This is Your Brain on Onions

By Michael A. Smith, MD

In cooking, onions are one of the components of mirepoix (pronounced meer-pwah) — a French culinary term for a finely chopped mix of onion, celery, and carrots. It’s used as a flavor base for a wide variety of dishes.

I know this, not because I cook, but because I love watching the Food Channel. I don’t know why, but watching other people cook simply fascinates me. I digress … back to onions.

Anyway, new research shows that onions are good for mice brains and probably ours as well. Eating them or supplementing with an onion extract may help to lower MDA or malondialdehyde, a marker of oxidative stress and a brain cell killer.

Ischemic Stroke & Oxidative Stress

When a blood clot blocks a vessel supplying blood to the brain, an ischemic stroke occurs. This type of stroke may be caused by clogged arteries. Fat, cholesterol, and other substances collect in the artery walls, forming a sticky substance called plaque. This plaque can become unstable and rupture, resulting in clot formation that then blocks blood flow to the brain.

When blood flow is blocked to a region of the brain, markers of oxidative stress, like MDA, will increase. And the more the blood flow is reduced, the higher the level of MDA and the greater the extent of the damage to brain cells.

So the fact that onions have been shown to lower the level of MDA means brain cells might incur less damage following an ischemic stroke.

Lab Mice Respond Well to Onions

Korean researchers purposively reduced blood flow in the brain of lab mice. Then they compared the effects on the mice that received onions to control mice that were not given onions. After the blood flow was reduced, here’s what they found:1

  • Mice given onions had less brain edema, measured by a reduction in the amount of water.
  • The activity of catalase and glutathione peroxidase were maintained in the onion group, but reduced in the control group. This is an important finding because the two enzymes help to reduce oxidative stress.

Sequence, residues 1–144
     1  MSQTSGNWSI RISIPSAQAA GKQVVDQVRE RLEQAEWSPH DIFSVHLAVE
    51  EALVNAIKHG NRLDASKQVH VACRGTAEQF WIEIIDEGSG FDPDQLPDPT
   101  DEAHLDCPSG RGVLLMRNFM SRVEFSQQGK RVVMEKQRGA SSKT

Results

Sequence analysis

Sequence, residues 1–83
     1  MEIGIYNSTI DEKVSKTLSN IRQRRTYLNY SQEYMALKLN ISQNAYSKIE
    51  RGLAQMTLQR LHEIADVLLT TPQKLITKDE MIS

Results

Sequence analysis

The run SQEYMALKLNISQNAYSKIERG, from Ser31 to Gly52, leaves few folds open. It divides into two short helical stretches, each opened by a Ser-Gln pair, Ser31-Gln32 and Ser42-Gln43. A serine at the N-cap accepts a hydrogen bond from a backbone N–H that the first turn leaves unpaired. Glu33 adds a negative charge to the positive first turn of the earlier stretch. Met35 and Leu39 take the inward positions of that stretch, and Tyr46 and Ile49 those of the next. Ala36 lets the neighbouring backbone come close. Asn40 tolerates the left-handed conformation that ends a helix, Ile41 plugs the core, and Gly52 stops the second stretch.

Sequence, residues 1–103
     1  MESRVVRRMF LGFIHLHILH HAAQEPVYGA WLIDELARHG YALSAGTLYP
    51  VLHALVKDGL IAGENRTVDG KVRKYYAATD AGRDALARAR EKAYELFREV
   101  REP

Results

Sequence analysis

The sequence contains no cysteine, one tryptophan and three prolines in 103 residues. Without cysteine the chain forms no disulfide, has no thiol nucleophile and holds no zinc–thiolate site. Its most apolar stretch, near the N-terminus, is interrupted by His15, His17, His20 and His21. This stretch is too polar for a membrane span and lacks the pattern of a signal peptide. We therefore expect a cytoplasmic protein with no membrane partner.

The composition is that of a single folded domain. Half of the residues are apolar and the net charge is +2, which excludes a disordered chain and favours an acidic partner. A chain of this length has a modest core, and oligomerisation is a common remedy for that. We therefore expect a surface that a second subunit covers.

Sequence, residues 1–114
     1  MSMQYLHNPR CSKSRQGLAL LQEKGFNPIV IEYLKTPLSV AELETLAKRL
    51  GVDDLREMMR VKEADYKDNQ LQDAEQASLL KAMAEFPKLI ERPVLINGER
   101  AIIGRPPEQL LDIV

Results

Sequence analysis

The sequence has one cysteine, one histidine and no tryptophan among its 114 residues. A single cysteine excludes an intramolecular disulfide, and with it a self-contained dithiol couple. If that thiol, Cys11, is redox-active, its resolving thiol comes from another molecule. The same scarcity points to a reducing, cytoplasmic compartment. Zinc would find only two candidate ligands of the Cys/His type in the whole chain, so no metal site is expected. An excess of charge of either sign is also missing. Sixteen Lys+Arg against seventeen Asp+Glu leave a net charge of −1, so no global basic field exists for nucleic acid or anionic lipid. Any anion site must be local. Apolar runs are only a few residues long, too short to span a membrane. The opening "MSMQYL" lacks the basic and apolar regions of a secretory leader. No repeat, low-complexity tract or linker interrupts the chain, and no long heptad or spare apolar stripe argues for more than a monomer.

• After initially rising in both groups, MDA (a marker of oxidative stress) was reduced in the mice provided onions. Remember, less MDA probably means less damage to brain cells.
The researchers concluded that onions were associated with less oxidative stress and probably less brain cell damage following a reduction in blood flow.

What You Need to Know About Onions

Onions can improve the activity of two powerful enzymes — catalase and glutathione peroxidase — which help to reduce markers of oxidative stress, like MDA. This is a good thing when you consider that oxidative stress is a leading theory of aging and is especially dangerous following an ischemic stroke.

So, could onions become a component of a post-stroke treatment protocol? Well, probably not in this country any time soon. However, cooking mirepoix and eating onions more often may help to protect against free radical damage characteristic of a high level of oxidative stress.

What do you think: Do you suffer from oxidative stress? Here’s a simple answer: Yes! Toxins, pesticides, synthetic hormones, sunlight, and even aging itself all drive oxidative stress to high levels.

Consider adding onions to your daily diet to reduce the damage caused by oxidation and everyday living. Who knows? It could very well make a difference!

References:

  1. Nutrition. 2012 Jul 6. [Epub ahead of print] PMID: 22771051 (http://www.ncbi.nlm.nih.gov/pubmed?term=PMID%3A%2022771051)

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1 comments:

David said...

The article isn't specific about it, but i would guess the onions for the mice were raw, so to be sure one should eat them raw aswell. Very tasty on a whol grain bread with grassfed butter custard and tomates for example.

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